Remsen parish helps missionaries help others
By KATIE LEFEBVRE, Globe staff writer
Posted Oct.10, 2002
REMSEN - The St. Mary's Mission Society is holding its yearly fundraiser this
month that will benefit five missionaries from the parish.
The Mission Society will host its annual breakfast on Oct. 13 at the Remsen
St. Mary's High School cafeteria from 8 a.m. until noon.
A mini craft show will also be available for those attending the breakfast.
The craft area will include a variety of flower arrangements, embroidered tea
towels, among other crafts that have been made or donated. Raffle tickets will
be sold to win a queen-sized quilt as well as a baby quilt.
"Basically we have five missioners from Remsen and we would like to help
them out because they are helping other people out," said Dorie Kolker.
"We donate $600 to each of them. We send them money to help them out in any
way we can."
The missionaries that originated in the Remsen area are: Father Lloyd Fiedler
who serves in the Philippines; Father Elroy Frank who serves in Central America;
Sister Shirley Waldschmitt who serves at Jardin de los Ninos, a daycare center
for homeless children in Los Cruces, N.M.; Sister Marilyn Freking who works at
Corpus Christi Parish in Chicago; Sister Phillis Vaske who serves at a learning
center in Tulsa, Okla.
Besides donating money to the missionaries, the Mission Society they also
raises money to help with the general parish needs list. All of the money raised
goes either to the missionaries and to help the church.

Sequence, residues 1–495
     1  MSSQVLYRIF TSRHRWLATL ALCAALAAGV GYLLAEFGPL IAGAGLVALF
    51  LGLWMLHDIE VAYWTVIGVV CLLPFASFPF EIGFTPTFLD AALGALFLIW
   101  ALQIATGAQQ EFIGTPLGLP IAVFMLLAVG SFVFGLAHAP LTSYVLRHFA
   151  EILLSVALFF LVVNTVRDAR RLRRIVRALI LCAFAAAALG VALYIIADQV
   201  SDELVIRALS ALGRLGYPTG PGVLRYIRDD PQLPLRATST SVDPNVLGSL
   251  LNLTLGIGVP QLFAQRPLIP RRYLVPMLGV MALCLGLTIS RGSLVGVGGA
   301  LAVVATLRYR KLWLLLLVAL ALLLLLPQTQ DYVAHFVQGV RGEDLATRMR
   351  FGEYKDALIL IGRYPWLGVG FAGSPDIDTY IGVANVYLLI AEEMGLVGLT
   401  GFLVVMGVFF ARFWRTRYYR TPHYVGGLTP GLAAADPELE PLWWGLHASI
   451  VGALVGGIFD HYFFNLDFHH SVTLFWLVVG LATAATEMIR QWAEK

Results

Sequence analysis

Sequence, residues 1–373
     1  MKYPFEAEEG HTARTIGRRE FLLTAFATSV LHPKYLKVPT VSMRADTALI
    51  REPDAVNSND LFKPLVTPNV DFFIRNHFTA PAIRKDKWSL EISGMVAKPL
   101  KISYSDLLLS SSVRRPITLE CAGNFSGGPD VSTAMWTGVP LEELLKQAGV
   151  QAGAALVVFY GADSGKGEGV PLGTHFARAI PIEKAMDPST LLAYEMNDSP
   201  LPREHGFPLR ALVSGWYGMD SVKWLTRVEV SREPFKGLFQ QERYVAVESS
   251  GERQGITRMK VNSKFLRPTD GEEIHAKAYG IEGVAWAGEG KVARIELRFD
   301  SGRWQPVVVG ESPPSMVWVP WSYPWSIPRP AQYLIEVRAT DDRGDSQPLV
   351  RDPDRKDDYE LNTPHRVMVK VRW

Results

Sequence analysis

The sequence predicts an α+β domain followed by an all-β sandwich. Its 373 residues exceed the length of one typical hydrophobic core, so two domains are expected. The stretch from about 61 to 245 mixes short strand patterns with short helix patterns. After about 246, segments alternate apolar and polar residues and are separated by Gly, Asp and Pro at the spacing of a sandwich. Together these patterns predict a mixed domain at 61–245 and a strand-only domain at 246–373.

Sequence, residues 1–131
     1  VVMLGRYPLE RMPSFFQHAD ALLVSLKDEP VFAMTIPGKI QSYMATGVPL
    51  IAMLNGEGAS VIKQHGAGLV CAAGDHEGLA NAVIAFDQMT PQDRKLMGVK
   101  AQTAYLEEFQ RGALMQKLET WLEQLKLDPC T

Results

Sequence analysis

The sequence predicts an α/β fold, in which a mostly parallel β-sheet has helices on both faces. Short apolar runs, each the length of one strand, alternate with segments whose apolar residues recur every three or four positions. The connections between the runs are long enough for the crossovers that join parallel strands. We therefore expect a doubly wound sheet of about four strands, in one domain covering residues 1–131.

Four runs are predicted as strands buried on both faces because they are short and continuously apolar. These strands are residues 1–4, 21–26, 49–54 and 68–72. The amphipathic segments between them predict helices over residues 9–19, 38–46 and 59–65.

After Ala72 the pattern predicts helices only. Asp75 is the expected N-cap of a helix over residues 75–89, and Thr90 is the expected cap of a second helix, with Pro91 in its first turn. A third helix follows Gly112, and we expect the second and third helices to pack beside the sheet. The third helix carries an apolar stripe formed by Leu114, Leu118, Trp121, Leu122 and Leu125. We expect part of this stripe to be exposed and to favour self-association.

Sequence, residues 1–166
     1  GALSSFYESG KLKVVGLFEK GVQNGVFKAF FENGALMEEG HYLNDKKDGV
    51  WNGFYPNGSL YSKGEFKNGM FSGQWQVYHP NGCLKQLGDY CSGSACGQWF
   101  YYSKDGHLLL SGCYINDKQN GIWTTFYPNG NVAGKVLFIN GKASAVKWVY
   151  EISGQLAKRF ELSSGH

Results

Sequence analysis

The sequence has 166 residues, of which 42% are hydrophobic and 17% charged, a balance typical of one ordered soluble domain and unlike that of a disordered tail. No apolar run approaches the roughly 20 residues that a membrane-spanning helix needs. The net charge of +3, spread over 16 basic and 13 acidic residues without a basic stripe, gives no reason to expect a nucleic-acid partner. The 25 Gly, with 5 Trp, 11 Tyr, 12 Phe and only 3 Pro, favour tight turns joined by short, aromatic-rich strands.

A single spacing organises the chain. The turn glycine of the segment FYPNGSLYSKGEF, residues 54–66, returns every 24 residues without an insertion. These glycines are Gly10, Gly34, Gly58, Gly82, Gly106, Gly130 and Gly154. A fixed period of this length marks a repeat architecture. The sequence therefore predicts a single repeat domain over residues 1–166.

"We donate money for hosts (for Communion), buy missalettes and blessed
candles. Father has a wish list, and we do things that he has on the list. We
have a raffle on quilts, small and large. That is how we make money besides our
breakfast," said Kolker. "People also sell crafts, and in the
summertime we have a garage sale."
The Mission Society has taken a new turn. In the past, the society was mad up
of just women, but now it is men, women and children. Since the society is no
longer a formal organization, no dues are needed, just new ideas.
Kolker explained that the parish is involved as a whole, but certain people
help with certain activities. There are about 100 people who help with the
breakfast and about 25 who help with the garage sale. Then a couple of women
have their own specialties such as making quilts, handmade rosaries, dish
towels, flower arrangements, bird houses, wooden animals and doilies.
This year at the breakfast, Joan Schroeder will be taking orders for the
handmade, personal rosaries.
"I order things from Louis and Company in New York," said
Schroeder. "I get the eye-pins and the beads that come in a case and put
Without interruptions, it takes about an hour to make one rosary and
Schroeder does them herself. She makes the rosaries for new babies, first
Communion and birthdays. The rosaries can be personalized with names.
"I don't ever advertise or anything, people just know that I'm the
rosary maker," said Schroeder.
The breakfast will be an opportunity to see the Mission Society in action.
There will be food, crafts and the community present. For information contact
Terri Conover, public relations for the society, at (712) 786-2088.